By Julia Conley
A federal judge in Washington, D.C. late Sunday struck down the Trump administration's proposed changes to the SNAP benefits program, potentially saving hundreds of thousands of people from losing badly needed federal food assistance.
<div id="e8d44" class="rm-shortcode" data-rm-shortcode-id="be49aabc36a5465eed30ca54f88f6b2d"><blockquote class="twitter-tweet twitter-custom-tweet" data-twitter-tweet-id="1318171686232096772" data-partner="rebelmouse"><div style="margin:1em 0">A judge has ruled in our favor and blocked the Trump administration’s unlawful changes to SNAP. This decision is… https://t.co/5zeTafxMLm</div> — NY AG James (@NY AG James)<a href="https://twitter.com/NewYorkStateAG/statuses/1318171686232096772">1603111595.0</a></blockquote></div>
<div id="f47ab" class="rm-shortcode" data-rm-shortcode-id="381daa45528adda7398d5628d047294f"><blockquote class="twitter-tweet twitter-custom-tweet" data-twitter-tweet-id="1318175677724676096" data-partner="rebelmouse"><div style="margin:1em 0">There's a lot of competition for Vilest Policy Ever, but slashing food stamps during a pandemic that's causing mass… https://t.co/EYvb0C8Q3m</div> — Tamar Haspel (@Tamar Haspel)<a href="https://twitter.com/TamarHaspel/statuses/1318175677724676096">1603112546.0</a></blockquote></div>
<div id="946d8" class="rm-shortcode" data-rm-shortcode-id="3cff2dc2643fc55ab21d2a73881c7de8"><blockquote class="twitter-tweet twitter-custom-tweet" data-twitter-tweet-id="1318168614541950976" data-partner="rebelmouse"><div style="margin:1em 0">Trump: yes to Space Force, no to Food Stamps. Another equation that might be remembered in a few weeks. https://t.co/9IEDBaMy2o</div> — Matt Taibbi (@Matt Taibbi)<a href="https://twitter.com/mtaibbi/statuses/1318168614541950976">1603110862.0</a></blockquote></div><p>"Trump: yes to Space Force, no to Food Stamps," Taibbi tweeted.</p>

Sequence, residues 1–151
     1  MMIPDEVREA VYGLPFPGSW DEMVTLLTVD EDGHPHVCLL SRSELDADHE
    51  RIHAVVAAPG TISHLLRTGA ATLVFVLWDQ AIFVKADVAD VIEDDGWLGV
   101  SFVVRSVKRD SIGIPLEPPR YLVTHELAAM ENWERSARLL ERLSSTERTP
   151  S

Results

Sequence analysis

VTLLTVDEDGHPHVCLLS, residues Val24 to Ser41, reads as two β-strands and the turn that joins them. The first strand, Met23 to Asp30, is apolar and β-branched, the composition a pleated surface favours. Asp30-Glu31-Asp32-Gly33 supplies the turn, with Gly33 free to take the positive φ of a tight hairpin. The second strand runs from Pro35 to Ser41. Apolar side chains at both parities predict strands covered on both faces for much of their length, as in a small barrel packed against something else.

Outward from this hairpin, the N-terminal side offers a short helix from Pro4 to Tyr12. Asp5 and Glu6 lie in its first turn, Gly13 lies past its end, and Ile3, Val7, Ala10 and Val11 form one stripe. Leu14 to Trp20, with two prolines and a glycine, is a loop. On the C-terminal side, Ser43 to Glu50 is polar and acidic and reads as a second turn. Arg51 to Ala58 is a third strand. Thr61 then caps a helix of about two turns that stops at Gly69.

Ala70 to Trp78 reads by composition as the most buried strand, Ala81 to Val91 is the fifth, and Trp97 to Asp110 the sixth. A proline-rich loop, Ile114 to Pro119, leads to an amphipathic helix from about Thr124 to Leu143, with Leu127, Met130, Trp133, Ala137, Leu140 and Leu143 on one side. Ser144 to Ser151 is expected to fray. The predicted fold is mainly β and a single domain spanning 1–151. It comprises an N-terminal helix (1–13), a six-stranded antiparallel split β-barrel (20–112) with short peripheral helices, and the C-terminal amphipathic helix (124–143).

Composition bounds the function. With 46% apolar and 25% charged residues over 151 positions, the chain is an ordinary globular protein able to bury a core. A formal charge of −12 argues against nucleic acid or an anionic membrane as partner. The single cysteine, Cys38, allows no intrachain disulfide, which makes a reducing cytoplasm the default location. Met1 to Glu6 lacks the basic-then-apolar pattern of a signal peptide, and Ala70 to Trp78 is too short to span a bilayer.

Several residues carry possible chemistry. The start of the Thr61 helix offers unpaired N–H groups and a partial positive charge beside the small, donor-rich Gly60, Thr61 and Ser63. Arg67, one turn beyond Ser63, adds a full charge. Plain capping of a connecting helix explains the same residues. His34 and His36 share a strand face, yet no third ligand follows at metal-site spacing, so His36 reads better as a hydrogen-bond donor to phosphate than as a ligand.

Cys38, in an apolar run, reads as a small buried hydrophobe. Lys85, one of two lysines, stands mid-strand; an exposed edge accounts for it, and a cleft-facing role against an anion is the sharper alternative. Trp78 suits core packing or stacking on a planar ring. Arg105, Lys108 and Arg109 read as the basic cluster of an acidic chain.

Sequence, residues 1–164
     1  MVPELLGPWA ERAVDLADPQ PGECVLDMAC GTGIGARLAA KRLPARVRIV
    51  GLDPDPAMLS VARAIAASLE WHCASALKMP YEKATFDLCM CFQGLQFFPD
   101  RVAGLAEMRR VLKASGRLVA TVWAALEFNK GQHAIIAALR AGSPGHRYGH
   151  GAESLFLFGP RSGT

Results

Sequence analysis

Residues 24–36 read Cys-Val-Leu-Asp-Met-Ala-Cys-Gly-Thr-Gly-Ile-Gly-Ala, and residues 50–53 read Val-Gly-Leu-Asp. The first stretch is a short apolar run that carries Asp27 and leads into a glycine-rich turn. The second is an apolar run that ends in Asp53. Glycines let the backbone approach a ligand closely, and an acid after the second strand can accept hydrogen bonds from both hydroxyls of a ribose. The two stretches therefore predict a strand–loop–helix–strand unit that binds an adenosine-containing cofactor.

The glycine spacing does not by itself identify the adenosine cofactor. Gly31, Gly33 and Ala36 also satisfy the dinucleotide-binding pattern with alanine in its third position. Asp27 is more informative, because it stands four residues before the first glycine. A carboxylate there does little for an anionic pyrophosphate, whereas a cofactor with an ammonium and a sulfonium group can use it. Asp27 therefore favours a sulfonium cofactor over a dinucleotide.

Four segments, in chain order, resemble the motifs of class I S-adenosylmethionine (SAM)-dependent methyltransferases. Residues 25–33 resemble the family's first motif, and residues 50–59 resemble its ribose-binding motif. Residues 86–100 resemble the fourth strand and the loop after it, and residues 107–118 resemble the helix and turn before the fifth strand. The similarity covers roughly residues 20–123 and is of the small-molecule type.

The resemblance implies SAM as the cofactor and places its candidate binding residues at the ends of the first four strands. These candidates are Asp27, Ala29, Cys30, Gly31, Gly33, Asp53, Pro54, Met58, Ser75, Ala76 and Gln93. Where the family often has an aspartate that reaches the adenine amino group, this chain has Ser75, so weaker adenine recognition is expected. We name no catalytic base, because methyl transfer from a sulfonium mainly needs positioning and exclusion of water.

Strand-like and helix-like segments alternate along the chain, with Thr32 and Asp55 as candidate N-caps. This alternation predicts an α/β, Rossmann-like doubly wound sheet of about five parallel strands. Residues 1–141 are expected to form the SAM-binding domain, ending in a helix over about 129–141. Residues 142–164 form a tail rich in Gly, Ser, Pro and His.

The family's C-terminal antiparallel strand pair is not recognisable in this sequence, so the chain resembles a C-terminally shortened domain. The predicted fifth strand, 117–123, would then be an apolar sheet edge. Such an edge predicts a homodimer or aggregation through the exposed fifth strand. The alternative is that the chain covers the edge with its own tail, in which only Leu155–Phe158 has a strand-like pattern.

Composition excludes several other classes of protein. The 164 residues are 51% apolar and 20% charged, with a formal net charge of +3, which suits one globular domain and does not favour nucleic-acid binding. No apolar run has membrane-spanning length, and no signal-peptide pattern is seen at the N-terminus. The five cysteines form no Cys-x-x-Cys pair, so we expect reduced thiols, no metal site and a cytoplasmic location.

- Trump Wants to Replace Food Stamps With Food Packages ... ›
- Trump Complains Puerto Rico Getting 'Too Much' Disaster Aid as ... ›
- Trump USDA Resumes Effort to Cut Food Stamp Benefits - EcoWatch ›
EcoWatch Daily Newsletter
By Andrea Germanos
A group of Indigenous women and their allies on Monday urged the heads of major global financial institutions to stop propping up the tar sands industry and sever all ties with the sector's "climate-wrecking pipelines, as well as the massively destructive extraction projects that feed them."
- Global Banks, Led by JPMorgan Chase, Invested $1.9 Trillion in ... ›
- Keystone XL Pipeline Construction to Forge Ahead During ... ›
Poor eating habits, lack of exercise, genetics, and a bunch of other things are known to be behind excessive weight gain. But, did you know that how much sleep you get each night can also determine how much weight you gain or lose?
In January of 2019, a concerned citizen in Marion County, Florida noticed something strange: Someone was trapping flying squirrels.
The process of preparing and mixing a baby bottle formula seems innocuous, but new research finds this common occurrence is actually releasing millions of microplastic particles from the bottle's lining, Wired reported.
- Microplastics Found in Human Organs for First Time - EcoWatch ›
- Microplastics Are Raining Down on Cities - EcoWatch ›
- People Eat 50,000+ Microplastics Every Year, New Study Finds ... ›